April 8th, 2014
DON’T ARREST ME, HIRE ME:
BUILD Gets “NO” From Mayor on Jobs Proposal for Oliver, BUILD leaders gather to strategize response
Baltimore’s residents are crying out for living wage work. Over the last three months, BUILD leaders from over 40 congregations and schools across Baltimore City conducted a massive listening campaign to ask more than 5,240 Baltimoreans about the top challenges facing their families. The number one response was jobs.
BUILD has a proposal that would put Baltimoreans to work immediately. Since July of 2013, BUILD leaders had been working with the Mayor’s office to develop a proposal to put 50 residents of the Oliver community to work in a pilot transitional jobs program that could be replicated across the city. BUILD has committed $1.2 million dollars to fund the majority of the program, and asked the Mayor to invest $594,000 over three years to get the program fully funded. BUILD has been waiting for over five weeks for the Mayor to respond with a date to meet about this proposal. “She can’t find $200,000 to invest in unemployed Baltimoreans that would come back to the City in income taxes? That’s sad,” says Mr. Melvin Wilson, leader on BUILD Citywide Jobs Team. “It’s a public-private partnership designed by the neighborhood that pays for itself. What more does she want than people taking responsibility for their own neighborhood?”
On April 8th, BUILD leaders will gather with our unemployed brothers and sisters seeking work to demand a meeting from Mayor Stephanie Rawlings-Blake on the number one issue for Baltimore’s citizens. “We are angry with this Mayor. We are tired of what this Mayor is not doing,” says Rev. Marshall Prentice, Pastor of Oliver-based Zion Baptist Church. “So we will do what we have to do until we get a response. If she doesn’t like our plan, then what’s her plan? We’ve got to get Baltimore working and we want a meeting about it.”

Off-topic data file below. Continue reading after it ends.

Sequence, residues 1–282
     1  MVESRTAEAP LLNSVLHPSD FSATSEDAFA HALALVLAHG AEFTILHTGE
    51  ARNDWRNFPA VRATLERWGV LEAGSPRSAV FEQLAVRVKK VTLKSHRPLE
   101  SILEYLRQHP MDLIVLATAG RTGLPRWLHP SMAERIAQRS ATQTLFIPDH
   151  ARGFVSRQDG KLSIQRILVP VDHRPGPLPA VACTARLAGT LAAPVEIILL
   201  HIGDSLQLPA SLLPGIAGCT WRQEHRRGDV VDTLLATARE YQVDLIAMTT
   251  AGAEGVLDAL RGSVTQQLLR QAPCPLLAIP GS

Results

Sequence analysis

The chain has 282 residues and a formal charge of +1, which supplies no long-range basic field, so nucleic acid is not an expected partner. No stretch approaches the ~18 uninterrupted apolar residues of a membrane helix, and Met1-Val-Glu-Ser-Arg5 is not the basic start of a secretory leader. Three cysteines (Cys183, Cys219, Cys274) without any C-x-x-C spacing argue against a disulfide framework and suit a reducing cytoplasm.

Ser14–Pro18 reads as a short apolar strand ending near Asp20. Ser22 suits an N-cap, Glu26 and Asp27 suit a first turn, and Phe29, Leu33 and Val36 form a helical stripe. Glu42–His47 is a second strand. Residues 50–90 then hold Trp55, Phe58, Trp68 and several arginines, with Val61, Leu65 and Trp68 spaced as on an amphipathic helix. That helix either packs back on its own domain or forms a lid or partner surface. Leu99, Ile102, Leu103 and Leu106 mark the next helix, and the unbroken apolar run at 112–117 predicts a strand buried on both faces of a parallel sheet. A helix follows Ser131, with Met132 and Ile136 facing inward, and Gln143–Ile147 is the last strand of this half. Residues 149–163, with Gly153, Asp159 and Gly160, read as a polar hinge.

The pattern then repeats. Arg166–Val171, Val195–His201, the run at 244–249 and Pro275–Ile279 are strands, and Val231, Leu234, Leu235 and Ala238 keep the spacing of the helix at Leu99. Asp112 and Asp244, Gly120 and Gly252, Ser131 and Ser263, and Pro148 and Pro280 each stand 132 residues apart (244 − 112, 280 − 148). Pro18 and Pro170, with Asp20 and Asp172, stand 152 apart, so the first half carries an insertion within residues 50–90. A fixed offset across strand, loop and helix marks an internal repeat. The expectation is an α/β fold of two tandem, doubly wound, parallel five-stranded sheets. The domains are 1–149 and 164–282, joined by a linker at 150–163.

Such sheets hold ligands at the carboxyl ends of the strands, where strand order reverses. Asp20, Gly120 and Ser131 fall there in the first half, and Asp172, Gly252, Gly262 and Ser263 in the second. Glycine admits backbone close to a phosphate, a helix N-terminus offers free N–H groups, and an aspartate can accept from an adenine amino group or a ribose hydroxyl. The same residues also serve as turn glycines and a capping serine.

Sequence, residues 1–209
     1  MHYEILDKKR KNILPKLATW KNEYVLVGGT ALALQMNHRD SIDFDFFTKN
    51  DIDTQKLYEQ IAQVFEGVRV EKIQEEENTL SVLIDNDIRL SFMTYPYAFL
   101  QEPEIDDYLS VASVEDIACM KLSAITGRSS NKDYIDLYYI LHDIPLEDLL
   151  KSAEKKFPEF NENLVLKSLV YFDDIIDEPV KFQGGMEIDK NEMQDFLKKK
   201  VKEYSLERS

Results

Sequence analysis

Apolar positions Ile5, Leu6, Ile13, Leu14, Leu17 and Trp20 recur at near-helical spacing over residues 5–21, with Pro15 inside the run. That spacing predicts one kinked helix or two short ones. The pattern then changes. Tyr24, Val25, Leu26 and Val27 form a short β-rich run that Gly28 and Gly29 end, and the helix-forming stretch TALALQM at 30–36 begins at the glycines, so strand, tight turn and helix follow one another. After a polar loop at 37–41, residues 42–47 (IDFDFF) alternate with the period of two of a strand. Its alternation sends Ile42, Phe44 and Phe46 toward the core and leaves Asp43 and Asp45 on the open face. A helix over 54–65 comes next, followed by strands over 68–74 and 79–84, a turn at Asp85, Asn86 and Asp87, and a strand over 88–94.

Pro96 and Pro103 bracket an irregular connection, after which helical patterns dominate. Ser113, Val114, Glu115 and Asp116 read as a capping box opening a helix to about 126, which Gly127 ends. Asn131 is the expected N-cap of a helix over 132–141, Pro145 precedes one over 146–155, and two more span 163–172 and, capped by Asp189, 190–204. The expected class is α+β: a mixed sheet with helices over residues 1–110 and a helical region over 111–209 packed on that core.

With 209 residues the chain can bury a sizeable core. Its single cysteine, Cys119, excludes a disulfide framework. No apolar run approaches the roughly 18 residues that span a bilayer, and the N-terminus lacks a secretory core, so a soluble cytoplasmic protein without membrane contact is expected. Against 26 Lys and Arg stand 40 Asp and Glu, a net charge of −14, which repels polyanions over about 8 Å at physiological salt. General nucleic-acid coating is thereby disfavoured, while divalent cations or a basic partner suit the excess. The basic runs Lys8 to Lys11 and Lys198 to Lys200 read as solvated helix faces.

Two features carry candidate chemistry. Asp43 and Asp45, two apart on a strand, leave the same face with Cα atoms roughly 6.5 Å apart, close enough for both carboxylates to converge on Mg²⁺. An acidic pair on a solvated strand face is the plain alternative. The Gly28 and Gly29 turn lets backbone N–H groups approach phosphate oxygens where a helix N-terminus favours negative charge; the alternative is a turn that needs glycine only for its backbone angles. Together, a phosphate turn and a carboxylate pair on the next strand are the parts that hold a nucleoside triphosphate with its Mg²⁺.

No Way Forward Without Jobs
Local pastors and residents see the consequences of unemployment in Oliver – and other communities in Baltimore – everyday: crime, drug dealing, and violence. “I was recently incarcerated, and I saw people come back into prison because they couldn’t support themselves when they got out,” says Dominic Rabey, a member of Oliver-based Zion Baptist Church who is working with BUILD to make this jobs program work. “I need a job, bad. I have to work.”
Rev. Calvin Keene, pastor of Memorial Baptist Church in Oliver who has fought with BUILD to redevelop the community for years, agrees: “If you try to separate public safety from jobs, you’re going to fail. All these programs they’re looking at now are the same things we’ve done before, just with a different name. It’s time to do the hard work of looking at the big issue: jobs.”